California Legislature Enacts Assembly Bill 3088 – Tenant, Homeowner, and Small Landlord Relief and Stabilization Act of 2020
Summary provided by Robert Finlay – Wright, Finlay, and Zak LLP
On August 31, 2020, the California Legislature enacted, and Governor Newsom signed Assembly Bill 3088, a compromise between stakeholders providing temporary relief to tenants and small landlords, as well as additional loan forbearance options to borrowers with single-family or rental properties up to four units.
Click here to review the Governor’s Press Release regarding the bill.
The new law has three key characteristics, the first two of which directly impact loan servicers.
1. Applies California’s Homeowner Bill of Rights (HOBR) to non-owner occupied properties with less than 5 units.
2. Creates specific requirements for loan servicers who receive a forbearance request from an eligible borrower.
3. Limits a landlord’s ability to evict a tenant for non-payment of rent.
Summary of Bill
- New law includes targeted protections for tenants to shield them from evictions due to COVID-19-related back rent through February 1, 2021.
- No tenant can be evicted before February 1, 2021 as a result of rent owed due to a COVID-19 related hardship accrued between March 4 – August 31, 2020, if the tenant provides a specified declaration of hardship.
- For a COVID-19 related hardship that accrues between September 1, 2020 – January 31, 2021, tenants must also pay at least 25 percent of the rent due to avoid eviction.
- Tenants are still responsible for paying unpaid amounts to landlords, but those unpaid amounts cannot be the basis for an eviction.
- Landlords may begin to recover this debt on March 1, 2021, and small claims court jurisdiction is temporarily expanded to allow landlords to recover these amounts.
- Landlords who do not follow the court evictions process will face increased penalties under the Act.
- Extending the notice period for non-payment of rent from 3 to 15 days to provide tenant additional time to respond to the landlord’s notice to pay rent or quit.
- Requiring landlords to provide hardship declaration forms in a different language if the rental agreement was negotiated in a different language.
- Providing tenants a backstop if they have a good reason for failing to return the hardship declaration within 15 days.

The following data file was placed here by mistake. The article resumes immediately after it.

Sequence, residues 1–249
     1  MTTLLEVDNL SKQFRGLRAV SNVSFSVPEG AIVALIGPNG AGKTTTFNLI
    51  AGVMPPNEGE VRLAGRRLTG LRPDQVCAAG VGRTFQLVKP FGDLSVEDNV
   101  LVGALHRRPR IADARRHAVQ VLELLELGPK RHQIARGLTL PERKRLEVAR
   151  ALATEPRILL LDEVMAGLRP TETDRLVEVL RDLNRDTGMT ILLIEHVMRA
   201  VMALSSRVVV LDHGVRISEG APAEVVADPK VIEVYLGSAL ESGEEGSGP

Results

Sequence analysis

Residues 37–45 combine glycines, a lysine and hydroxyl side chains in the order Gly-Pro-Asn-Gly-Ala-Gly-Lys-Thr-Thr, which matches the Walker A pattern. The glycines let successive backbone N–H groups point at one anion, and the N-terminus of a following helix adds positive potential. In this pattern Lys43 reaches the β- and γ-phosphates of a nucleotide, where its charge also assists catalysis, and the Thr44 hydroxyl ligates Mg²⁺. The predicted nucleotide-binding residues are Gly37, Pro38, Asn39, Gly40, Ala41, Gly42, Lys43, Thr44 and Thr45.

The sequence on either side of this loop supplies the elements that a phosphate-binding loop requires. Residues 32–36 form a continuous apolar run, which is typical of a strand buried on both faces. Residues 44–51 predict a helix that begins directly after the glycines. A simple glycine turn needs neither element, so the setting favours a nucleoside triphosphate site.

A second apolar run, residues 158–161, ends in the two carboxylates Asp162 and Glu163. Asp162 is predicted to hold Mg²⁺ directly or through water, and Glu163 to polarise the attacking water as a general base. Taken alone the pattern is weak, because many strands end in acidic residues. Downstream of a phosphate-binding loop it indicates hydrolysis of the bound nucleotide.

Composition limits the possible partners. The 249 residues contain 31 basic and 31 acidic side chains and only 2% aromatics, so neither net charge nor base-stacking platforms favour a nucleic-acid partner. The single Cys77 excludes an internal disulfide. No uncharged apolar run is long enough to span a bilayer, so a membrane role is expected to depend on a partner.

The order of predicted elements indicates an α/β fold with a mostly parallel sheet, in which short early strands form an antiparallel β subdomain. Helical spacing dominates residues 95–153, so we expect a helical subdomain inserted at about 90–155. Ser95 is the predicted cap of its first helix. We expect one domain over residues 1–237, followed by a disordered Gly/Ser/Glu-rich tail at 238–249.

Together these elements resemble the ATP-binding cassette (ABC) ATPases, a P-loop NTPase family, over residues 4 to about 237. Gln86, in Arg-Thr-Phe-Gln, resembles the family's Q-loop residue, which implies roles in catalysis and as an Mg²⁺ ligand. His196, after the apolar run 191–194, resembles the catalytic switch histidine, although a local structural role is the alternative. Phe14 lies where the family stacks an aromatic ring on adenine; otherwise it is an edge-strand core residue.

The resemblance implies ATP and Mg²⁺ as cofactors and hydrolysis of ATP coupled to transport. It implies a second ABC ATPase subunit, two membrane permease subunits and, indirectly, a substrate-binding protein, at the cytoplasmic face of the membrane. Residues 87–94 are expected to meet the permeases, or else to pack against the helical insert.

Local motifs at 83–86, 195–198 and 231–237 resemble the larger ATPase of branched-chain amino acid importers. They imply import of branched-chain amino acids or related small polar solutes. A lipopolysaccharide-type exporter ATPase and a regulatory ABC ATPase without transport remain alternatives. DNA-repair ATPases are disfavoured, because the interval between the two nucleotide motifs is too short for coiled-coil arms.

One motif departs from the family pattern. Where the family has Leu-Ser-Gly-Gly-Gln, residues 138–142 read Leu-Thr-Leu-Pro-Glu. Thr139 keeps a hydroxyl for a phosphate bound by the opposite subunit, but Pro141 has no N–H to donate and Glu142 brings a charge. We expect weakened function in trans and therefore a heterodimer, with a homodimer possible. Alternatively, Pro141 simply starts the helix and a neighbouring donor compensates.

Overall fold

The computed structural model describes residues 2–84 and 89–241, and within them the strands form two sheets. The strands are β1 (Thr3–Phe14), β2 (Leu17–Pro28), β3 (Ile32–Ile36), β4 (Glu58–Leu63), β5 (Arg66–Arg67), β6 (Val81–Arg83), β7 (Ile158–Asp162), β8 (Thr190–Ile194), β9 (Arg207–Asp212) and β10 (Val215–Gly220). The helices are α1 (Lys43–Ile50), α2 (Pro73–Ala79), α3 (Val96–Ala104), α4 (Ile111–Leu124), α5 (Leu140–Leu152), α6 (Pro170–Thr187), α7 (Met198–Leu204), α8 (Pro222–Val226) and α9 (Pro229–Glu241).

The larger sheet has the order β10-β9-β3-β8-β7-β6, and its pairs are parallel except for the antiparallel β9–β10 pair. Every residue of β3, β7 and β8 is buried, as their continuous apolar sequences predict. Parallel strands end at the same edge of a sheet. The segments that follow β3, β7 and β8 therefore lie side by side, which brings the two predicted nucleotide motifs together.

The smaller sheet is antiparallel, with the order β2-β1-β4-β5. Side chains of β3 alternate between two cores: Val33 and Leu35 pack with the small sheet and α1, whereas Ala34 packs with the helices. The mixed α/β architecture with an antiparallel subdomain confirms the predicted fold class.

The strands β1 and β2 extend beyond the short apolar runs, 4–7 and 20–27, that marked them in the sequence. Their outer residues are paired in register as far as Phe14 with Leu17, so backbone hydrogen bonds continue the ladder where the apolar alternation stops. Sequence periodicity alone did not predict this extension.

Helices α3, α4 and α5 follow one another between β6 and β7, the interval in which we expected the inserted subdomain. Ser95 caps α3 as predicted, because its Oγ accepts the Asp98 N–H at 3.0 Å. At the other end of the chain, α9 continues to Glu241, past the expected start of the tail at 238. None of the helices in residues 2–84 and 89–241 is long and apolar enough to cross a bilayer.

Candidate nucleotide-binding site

- Requiring landlords to provide tenants a notice detailing their rights under the Act.
- Limiting public disclosure of eviction cases involving non-payment of rent between March 4, 2020 – January 31, 2021.
- Protecting tenants against being evicted for “just cause” if the landlord is shown to be really evicting the tenant for COVID-19-related non-payment of rent.
- Extends pre-foreclosure and loss mitigation application protections in the Homeowner Bill of Rights to small landlords of non-owner occupied property, which previously only applied to owner-occupied property.
- Requires servicers to provide notices regarding incomplete forbearance applications and allow 21 days for borrowers to cure deficiencies.
- Requires servicers to include additional content in Civil Code section 2923.5 Declaration when a forbearance application made between September 1, 2020 and April 1, 2021 is denied.
- Provides the borrower who is harmed by a material violation with a cause of action for injunctive relief or damages, potential attorney fee and cost award.
Passed as urgency legislation, the bill is effective immediately, but it is notable for what it does NOT include. There is no blanket moratorium against all foreclosures, and eligibility for loan forbearance requires that the loan was originated on or before August 31, 2020 and current in payments as of February 1, 2020. There is no state mandate to provide forbearance if not available based on applicable investor requirements. Servicers and lenders who provide forbearance and loss mitigation alternatives as specified in identified federal guidelines are deemed to be in compliance with the COVID-related loan forbearance provisions. Eviction prohibitions apply to non-payment of rent, so they do not appear to prohibit post-foreclosure evictions of former borrowers (who would not be considered tenants subject to rent payment) from REO property. However, caution should be exercised to confirm available remedies with counsel where REO properties are tenant-occupied. In addition, the bill provides landlords can require high-income tenants to submit documentation of financial impact to obtain rental payment and eviction relief.